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An EU-China Multi-Modal Modelling and Simulation tool for Logistics Applications

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  • Full or part time
    Dr H Chen
  • Application Deadline
    No more applications being accepted
  • Competition Funded PhD Project (European/UK Students Only)
    Competition Funded PhD Project (European/UK Students Only)

About This PhD Project

Project Description

Introduction and Background

Driven by economic considerations, the transport network between Europe and Asia (in particular China) has recently received sustainable investment. Such development is currently accelerating. One case is so-called “The Silk Road Economic Belt” which covers a number of railways and trunk roads across the continents, for example, Hamburg–Zhengzhou, Duisburg–Chongqing and Chengdu–Lodz. These lines are over 10,000 km long but take about 13 to 17 days to complete. Another development is on “the 21st Century Maritime Silk Road” which covers two maritime routes (i.e. Coastal China - South China Sea - Indian Ocean - Europe; and Coastal China - South China Sea - South Pacific). These initiatives can surely stimulate economy development at the local, regional and global levels. The expended transport network could, however, bring in environmental and social impacts to the areas involved if the traffic flows are not properly managed in the network, especially at the nodes (e.g. ship-ship, ship-rail, rail-road etc.), which will cause delays, costs and pollution.

The WTO data on trade volumes and trends show that international maritime operators have significantly expanded capacity to meet demand from shippers and this has resulted in sustained levels of double digit annual growth in the number of full containers leaving Asia. As volumes have risen, congestion in main container ports and inland transport hubs has increased delays and transportation costs, and underlined a need for minimising delays due to a number of factors (e.g. intermodal transfer and unloading, missed connection between railroads, locating misplaced containers at the terminal) and for automated data handling and corrective and preventive action for deviation management.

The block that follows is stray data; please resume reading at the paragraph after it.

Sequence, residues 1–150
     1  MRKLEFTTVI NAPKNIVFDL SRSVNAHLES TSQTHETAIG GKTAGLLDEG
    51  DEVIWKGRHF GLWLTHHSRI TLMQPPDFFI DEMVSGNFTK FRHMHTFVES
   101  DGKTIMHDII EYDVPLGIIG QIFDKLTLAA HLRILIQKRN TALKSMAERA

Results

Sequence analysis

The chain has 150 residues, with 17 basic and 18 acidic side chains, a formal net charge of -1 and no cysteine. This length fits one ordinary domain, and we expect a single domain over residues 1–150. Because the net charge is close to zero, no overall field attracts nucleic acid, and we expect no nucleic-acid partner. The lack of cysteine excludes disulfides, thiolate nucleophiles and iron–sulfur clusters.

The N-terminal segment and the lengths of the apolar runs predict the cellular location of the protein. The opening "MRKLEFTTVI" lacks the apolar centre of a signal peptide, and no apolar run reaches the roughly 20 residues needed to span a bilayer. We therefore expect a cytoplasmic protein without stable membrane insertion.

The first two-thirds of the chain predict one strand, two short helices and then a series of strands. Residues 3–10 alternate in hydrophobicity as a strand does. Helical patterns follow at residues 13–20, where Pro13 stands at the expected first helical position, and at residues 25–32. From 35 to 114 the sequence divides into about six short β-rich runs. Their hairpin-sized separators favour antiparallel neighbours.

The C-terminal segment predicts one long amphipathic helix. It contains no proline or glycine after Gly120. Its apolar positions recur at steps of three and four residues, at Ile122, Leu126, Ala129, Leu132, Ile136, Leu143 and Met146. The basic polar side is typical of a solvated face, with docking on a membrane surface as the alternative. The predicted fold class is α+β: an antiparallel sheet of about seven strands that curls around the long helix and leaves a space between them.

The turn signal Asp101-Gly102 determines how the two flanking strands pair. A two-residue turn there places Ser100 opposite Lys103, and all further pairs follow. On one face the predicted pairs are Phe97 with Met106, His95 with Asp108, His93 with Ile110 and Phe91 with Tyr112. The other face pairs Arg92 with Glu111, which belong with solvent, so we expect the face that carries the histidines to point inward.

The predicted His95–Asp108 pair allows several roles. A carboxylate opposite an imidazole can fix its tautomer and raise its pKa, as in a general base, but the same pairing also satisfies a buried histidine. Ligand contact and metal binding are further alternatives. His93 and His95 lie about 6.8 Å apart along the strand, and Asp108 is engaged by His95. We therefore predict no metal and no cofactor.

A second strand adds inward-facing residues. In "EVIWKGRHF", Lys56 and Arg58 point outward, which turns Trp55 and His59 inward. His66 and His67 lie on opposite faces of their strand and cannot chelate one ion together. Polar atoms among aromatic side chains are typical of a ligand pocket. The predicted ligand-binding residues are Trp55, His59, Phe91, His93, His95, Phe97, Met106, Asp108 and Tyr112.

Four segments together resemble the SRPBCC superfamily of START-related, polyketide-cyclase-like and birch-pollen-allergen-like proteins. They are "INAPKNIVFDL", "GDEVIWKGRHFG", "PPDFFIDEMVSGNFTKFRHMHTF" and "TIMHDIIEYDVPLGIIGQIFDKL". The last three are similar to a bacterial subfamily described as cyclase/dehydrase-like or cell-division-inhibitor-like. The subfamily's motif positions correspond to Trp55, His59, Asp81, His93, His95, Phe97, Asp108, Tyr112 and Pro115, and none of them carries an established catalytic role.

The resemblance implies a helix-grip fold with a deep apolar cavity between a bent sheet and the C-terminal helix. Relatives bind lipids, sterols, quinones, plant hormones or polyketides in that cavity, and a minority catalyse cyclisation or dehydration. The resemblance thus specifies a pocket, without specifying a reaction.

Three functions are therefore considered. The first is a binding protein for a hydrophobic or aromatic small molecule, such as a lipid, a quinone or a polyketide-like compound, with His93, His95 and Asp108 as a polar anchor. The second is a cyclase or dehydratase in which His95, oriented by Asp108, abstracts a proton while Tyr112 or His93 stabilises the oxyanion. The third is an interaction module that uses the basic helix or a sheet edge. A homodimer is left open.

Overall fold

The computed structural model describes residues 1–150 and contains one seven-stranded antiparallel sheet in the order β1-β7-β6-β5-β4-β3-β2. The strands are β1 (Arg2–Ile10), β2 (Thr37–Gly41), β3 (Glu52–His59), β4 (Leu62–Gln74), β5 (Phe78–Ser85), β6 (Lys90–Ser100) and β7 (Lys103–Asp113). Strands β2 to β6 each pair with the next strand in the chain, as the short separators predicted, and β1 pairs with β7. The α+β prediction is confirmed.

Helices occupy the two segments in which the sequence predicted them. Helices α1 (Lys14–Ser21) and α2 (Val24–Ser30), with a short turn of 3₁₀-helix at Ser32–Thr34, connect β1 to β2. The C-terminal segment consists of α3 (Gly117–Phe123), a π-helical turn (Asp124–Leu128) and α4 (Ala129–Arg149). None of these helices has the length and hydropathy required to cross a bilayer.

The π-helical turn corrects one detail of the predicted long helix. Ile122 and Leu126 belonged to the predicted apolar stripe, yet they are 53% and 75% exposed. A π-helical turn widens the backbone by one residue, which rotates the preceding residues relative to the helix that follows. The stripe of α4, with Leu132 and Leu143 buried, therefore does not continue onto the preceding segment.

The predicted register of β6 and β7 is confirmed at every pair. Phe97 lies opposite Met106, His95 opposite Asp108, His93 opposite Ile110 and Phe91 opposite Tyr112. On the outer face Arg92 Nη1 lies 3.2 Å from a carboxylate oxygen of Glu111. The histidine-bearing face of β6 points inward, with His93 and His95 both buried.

Aims and Approach

In this project, a modelling and simulation tool with which solutions (and strategies) to tackle the aforementioned problems will be designed, tested and evaluated. This project will identify a use case to demonstrate the usefulness of the tool. The use case could cover one of the following areas:

- Policy Interventions: to assess the long-term impact of transport policies derived from the EU action against climate change on new business models in which a network of cost-effective and sustainable suppliers, transporters, and logistics handlers can be identified and optimised;

- Distribution Planning: to evaluate distribution solutions (e.g. factory location, warehousing and just-in-time practices) for mid-term improvements and innovations to meet client demands and to make the process more effective;

- Co-modality: to model the interactions of various transport modes and trip distributions, and optimise modal splits in the EU-China logistics and supply chain context;

- Inter-modality and Trans-modality: to enhance the connection between different modes, and optimise flows not only at the congested nodes but also over the entire network;

- Dynamic Routing: to enhance the feedback loops which are lacking in the current architectures and systems of global logistics to allow for deviation management and corrective and preventive action (CAPA).

Impact of Research

It is envisaged that the project will recommend substantial evidence-based recommendations to the development of global logistics, in particular between EU and China.

Entry requirements/necessary background:
A good background in numeric analysis, Physics, Mathematics or Statistics would be advantageous.

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